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DataSheet1_Paeoniflorin Suppresses TBHP-Induced Oxidative Stress and Apoptosis in Human Umbilical Vein Endothelial Cells via the Nrf2/HO-1 Signaling P.ZIP (24.11 MB)
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DataSheet1_Paeoniflorin Suppresses TBHP-Induced Oxidative Stress and Apoptosis in Human Umbilical Vein Endothelial Cells via the Nrf2/HO-1 Signaling Pathway and Improves Skin Flap Survival.ZIP

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posted on 2021-11-04, 05:10 authored by Jingtao Jiang, Chengji Dong, Liang Zhai, Junsheng Lou, Jie Jin, Sheng Cheng, Zhuliu Chen, Xiaoshan Guo, Damu Lin, Jian Ding, Weiyang Gao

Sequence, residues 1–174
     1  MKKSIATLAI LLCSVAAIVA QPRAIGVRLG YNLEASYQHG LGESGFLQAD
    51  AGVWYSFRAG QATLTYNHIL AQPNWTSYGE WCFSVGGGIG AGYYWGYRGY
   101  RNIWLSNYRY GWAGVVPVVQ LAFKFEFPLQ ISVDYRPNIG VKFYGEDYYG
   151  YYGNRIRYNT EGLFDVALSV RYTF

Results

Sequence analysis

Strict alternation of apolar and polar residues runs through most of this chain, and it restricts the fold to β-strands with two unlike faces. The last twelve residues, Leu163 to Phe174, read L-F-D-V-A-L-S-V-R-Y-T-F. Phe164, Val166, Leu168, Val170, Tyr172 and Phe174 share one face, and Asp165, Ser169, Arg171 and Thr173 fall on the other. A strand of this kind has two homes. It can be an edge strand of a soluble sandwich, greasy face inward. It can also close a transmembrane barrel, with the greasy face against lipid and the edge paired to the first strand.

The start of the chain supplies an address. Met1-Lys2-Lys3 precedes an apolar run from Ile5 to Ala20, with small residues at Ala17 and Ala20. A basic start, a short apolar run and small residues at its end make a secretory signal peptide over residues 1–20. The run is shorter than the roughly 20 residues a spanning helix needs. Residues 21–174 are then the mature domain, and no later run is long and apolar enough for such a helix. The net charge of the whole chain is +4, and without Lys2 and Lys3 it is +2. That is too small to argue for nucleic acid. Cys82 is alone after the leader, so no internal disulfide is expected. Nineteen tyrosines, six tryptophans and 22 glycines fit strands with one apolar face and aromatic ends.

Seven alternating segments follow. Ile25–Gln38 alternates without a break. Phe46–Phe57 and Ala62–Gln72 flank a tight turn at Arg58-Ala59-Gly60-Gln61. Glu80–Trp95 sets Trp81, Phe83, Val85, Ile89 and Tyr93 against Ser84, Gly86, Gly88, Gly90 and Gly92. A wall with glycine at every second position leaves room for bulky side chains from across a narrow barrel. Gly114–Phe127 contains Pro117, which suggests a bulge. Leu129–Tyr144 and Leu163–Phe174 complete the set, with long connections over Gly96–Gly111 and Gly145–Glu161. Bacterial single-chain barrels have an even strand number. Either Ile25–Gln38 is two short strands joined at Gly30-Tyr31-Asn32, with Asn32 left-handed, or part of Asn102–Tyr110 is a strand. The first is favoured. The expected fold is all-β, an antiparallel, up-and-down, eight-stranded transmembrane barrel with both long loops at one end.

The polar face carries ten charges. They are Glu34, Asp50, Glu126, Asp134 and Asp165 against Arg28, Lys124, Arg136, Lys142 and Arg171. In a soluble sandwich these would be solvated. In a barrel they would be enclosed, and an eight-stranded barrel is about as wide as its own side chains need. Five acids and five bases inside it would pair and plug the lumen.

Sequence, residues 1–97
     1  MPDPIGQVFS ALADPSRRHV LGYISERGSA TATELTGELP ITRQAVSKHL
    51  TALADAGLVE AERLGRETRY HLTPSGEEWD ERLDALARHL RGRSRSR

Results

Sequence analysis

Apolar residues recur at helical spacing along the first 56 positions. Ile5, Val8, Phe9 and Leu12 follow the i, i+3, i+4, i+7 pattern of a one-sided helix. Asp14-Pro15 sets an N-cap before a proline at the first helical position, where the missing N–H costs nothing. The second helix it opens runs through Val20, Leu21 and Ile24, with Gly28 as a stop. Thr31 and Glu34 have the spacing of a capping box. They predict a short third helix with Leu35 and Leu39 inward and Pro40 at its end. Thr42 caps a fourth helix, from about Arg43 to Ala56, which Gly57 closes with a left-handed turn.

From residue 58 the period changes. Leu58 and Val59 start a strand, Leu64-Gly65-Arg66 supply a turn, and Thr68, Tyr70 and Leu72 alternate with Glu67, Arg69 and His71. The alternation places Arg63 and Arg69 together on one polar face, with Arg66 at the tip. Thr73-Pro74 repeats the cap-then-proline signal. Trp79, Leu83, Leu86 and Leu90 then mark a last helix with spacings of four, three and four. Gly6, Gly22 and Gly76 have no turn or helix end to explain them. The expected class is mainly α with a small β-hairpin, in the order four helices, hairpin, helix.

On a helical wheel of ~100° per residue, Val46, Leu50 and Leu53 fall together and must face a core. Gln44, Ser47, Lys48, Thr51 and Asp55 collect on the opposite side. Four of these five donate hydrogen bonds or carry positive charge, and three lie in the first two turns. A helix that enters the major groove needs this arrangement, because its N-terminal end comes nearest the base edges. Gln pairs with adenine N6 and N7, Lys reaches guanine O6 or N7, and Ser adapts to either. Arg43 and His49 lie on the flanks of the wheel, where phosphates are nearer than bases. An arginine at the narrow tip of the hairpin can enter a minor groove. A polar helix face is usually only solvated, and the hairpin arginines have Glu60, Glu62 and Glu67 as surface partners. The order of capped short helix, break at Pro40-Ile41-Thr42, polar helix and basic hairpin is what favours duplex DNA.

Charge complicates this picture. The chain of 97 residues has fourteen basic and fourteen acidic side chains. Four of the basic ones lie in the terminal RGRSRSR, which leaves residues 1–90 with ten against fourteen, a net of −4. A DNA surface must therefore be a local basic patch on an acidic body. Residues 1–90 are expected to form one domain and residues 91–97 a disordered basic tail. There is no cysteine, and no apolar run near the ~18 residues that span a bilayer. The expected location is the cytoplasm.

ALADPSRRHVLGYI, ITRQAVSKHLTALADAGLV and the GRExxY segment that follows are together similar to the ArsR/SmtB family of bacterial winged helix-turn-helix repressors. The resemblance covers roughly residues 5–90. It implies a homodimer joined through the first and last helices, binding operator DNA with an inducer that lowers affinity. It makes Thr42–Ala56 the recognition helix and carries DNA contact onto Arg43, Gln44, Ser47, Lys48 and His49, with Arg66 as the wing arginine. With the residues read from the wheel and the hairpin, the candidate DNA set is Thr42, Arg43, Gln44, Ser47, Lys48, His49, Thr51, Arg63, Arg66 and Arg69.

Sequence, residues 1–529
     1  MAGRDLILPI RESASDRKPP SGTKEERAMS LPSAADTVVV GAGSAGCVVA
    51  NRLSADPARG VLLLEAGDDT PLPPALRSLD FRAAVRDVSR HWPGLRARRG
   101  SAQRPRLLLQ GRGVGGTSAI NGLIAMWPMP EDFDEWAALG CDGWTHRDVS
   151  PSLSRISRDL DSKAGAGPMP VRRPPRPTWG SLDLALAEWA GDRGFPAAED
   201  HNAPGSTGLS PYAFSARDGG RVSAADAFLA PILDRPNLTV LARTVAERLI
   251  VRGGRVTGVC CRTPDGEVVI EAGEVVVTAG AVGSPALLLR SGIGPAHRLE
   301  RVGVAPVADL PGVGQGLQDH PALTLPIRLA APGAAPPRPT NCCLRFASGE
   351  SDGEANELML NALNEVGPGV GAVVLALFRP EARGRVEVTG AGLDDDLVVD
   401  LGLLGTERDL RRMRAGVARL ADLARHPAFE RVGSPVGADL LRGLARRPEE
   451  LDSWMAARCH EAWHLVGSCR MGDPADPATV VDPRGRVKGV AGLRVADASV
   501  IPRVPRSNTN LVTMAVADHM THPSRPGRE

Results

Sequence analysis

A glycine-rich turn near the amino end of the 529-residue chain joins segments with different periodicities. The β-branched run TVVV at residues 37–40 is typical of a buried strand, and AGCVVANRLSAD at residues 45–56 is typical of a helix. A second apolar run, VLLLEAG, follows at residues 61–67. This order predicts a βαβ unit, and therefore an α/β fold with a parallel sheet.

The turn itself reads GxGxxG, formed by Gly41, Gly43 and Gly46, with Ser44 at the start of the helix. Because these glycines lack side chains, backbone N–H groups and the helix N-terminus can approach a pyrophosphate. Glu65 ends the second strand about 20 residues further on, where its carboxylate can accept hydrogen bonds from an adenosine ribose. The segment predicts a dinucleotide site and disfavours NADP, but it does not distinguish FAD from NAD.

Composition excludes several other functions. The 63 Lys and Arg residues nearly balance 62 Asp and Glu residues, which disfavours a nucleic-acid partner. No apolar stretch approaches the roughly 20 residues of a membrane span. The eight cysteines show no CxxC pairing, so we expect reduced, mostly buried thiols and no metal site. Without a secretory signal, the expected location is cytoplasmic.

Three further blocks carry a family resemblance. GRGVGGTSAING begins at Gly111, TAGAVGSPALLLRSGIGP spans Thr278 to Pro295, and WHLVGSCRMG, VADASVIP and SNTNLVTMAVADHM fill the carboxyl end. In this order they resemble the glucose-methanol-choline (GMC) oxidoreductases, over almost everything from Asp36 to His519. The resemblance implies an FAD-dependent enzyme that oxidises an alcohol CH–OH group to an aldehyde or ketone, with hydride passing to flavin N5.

Random-pattern skin flap is a vital technique frequently applied in reconstruction surgeries for its convenience and effectiveness in solving skin defects. However, ischemic necrosis, especially in the distal areas of the flap, still needs extra attention after surgery. Earlier evidence has suggested that paeoniflorin (PF) could stimulate angiogenesis and suppress ischemic cardiovascular disease. However, few studies have focused on the role of PF in flap survival. In this study, we have demonstrated that the human umbilical vein endothelial cells (HUVECs) treated with PF can alleviate tert-butyl hydroperoxide (TBHP)-stimulated cellular dysfunction and apoptosis. To better evaluate, HUVECs’ physiology, cell tube formation, migration, and adhesion were assessed. Mechanistically, PF protects HUVECs against apoptosis via stimulating the nuclear factor (erythroid-derived 2)-like 2 (Nrf2)/heme oxygenase 1 (HO-1) pathway. PF also downregulates mitochondrial ROS production to reduce excessive intracellular ROS production induced by TBHP and restore TBHP-induced mitochondrial depolarization. As a result, silencing Nrf2 partially abolishes the protective effect of PF exposure on HUVECs. In in vivo experiments, the oral administration of PF was shown to have enhanced the vascularization of regenerated tissues and promote flap survival. However, the PF-mediated protection was partially lost after co-treatment with ML385, a selective Nrf2 inhibitor, suggesting that PF is a crucial modulator regulating the Nrf2/HO-1 signaling pathway. In summary, our data have provided a new insight into PF as a potential therapy for enhancing random-pattern flap viability.

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